until here: you and yours and we

  and I too

  the daybreak dusk

  a silence before the song of birds

  with these verses faintly sketched

  in the void’s glow

  love jingles ritournelles

  for the sorrow

  rallying calls for resistance

  of the dead

  light that’s long since gone

  to flare only now

  scars muttered tales

  of journeys that cannot be measured

  to disappearance that cannot be known

  Sea Point, October 2015

  die na-dood

  vieruur in die môre

  onrustige slaap vol drome

  van reise na wat nie

  gemeet kan word nie

  van reise wat nie geweet

  kan word nie

  ‘n huis se kraak

  soos die litte van ewigheid

  vertrekke so swaar

  met die bedwelmende reuk

  van soet verrottende koejawels

  piesangs avokadopere pynappel

  die vrugte van ‘n lewe

  weet van ruimteliggame

  wat nog vlam in die nag

  voor die sluier van lig

  hulle uit sal vee

  weet die berg is ‘n donker homp

  vol ingehoue geluide van knarsende lewe

  in die grond

  weet die berg sal nog steeds sterre spoeg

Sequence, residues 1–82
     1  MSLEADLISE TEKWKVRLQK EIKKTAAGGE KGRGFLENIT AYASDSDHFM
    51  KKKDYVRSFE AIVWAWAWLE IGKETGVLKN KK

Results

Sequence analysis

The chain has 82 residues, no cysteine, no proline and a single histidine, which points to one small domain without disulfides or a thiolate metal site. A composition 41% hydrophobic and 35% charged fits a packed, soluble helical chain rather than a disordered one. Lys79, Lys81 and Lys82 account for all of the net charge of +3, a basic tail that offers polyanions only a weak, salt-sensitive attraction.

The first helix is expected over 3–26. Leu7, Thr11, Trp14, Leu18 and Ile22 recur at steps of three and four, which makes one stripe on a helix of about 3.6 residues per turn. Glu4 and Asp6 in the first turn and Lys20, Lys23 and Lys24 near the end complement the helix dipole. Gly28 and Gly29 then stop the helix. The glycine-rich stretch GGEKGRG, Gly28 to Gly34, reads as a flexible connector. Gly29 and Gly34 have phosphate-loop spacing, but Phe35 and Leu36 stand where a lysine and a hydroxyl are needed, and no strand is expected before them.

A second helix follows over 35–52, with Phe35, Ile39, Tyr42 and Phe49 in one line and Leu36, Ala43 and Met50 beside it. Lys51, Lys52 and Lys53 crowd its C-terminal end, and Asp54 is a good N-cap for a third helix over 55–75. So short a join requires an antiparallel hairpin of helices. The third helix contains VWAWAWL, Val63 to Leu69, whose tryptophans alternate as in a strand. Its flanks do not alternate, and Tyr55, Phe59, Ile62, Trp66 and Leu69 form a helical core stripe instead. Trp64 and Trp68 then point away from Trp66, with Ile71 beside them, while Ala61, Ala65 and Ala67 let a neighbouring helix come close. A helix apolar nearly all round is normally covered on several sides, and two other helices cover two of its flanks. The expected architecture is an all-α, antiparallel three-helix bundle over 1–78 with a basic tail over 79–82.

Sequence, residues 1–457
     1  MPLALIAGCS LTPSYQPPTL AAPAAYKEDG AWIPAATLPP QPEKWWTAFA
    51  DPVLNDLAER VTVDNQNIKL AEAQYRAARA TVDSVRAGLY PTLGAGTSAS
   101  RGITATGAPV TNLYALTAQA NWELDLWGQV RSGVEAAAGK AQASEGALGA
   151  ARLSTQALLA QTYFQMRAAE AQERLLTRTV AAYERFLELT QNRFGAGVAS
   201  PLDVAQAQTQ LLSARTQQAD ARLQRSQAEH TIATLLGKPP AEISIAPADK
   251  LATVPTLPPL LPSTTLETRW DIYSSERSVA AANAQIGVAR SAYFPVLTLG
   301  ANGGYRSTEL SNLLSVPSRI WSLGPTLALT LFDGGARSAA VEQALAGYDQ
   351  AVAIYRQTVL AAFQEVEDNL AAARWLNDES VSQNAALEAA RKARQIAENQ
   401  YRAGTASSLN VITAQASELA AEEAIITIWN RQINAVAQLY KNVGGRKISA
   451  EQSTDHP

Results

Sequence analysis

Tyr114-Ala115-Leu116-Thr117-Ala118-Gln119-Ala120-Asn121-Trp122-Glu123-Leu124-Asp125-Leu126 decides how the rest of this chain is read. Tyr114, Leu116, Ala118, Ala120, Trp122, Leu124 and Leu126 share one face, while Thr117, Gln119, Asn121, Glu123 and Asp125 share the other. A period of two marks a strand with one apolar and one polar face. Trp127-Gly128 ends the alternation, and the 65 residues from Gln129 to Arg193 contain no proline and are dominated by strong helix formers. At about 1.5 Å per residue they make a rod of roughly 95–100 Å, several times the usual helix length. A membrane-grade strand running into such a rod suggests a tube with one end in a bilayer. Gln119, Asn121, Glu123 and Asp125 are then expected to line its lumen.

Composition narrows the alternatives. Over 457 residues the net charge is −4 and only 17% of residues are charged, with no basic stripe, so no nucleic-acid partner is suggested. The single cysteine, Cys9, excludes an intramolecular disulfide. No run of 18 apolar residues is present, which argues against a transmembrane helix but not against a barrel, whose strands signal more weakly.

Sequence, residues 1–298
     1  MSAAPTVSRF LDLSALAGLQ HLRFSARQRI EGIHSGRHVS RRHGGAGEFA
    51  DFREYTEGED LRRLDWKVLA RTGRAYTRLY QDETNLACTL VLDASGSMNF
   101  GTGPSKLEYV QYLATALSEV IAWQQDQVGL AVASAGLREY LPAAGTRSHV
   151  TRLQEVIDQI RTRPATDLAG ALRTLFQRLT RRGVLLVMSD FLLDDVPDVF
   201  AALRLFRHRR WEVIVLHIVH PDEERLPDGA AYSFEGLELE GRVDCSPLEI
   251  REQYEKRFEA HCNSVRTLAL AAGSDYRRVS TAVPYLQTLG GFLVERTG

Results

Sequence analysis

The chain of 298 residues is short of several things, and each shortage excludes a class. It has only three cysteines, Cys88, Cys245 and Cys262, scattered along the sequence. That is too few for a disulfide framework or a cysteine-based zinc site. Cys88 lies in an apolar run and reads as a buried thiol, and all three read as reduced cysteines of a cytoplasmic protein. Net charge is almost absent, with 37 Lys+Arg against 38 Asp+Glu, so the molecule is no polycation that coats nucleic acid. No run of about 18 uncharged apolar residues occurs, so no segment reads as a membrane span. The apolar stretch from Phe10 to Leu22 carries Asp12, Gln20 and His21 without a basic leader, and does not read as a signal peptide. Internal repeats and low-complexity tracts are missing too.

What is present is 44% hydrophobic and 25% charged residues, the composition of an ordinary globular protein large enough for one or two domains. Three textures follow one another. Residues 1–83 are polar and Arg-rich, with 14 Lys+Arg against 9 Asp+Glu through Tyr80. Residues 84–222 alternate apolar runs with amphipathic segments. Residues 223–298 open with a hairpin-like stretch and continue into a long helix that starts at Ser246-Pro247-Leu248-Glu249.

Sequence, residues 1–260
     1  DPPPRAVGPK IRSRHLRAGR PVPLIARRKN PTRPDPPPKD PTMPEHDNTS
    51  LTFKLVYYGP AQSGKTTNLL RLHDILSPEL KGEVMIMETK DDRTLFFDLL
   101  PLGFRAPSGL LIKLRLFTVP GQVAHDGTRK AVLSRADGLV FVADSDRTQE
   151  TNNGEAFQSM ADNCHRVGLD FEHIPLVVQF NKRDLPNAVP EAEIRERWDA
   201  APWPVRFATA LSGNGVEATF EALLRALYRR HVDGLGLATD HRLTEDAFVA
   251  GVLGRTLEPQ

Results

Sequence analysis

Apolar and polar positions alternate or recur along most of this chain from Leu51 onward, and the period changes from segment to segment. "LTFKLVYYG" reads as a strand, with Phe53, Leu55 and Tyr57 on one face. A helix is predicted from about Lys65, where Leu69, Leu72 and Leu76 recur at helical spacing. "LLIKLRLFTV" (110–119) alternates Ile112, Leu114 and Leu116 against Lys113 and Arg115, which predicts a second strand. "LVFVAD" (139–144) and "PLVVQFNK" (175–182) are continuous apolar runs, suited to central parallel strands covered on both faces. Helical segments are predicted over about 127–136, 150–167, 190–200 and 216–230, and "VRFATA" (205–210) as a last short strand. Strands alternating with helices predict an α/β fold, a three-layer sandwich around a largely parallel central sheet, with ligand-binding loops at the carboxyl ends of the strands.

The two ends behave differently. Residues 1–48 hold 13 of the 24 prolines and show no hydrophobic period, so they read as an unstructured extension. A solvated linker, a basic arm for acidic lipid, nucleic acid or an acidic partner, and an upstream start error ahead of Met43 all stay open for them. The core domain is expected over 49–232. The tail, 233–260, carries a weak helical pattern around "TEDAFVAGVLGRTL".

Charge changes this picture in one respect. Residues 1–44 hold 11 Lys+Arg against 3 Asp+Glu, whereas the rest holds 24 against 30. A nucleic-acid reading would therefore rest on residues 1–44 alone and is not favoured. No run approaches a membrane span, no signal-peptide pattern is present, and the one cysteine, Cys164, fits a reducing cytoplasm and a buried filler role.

in patrone van reise wat nie gemeet

  kan word nie

  weet die see sal altyd daar wees

  in die nag

  ‘n donker wappervlag oor drome

  weet ook dat geen verstand die see

  ooit kan beskryf nie

  en weet dat jy mens is

  tussen dolende mense

  elk met die vuur van sterwe

  en weet jou mense het gekom

  om te gaan

  dat daar liefde gemaak is

  gelag en geween

  en elkeen ‘n droom neergelê het

  soos ‘n steen gevaandel in ‘n landskap

  van nagte

  die reis wat nie geweet kan word nie

  uit moet spel

  in die duister lig wat nie

  gemeet kan word nie

  tot hier: jy en joune en ons

  en ook ek

  die dagskemering

  ‘n stilte voor die sang van voëls

  met hierdie verse vaag geteken

  in niet se skynsel:

  liefdesrympies opsêgoed

  vir die verdriet

  roepkrete tot die dooies

  se verset

  lig wat lankal weg is

  en nou eers brand

  littekens mompelstories

  van reise wat nie gemeet kan word nie

  na verdwyning wat nie geweet kan word nie

  Seepunt, 7 Oktober 2015

  HASSAN GHEDI SANTUR

  Tell Me a Story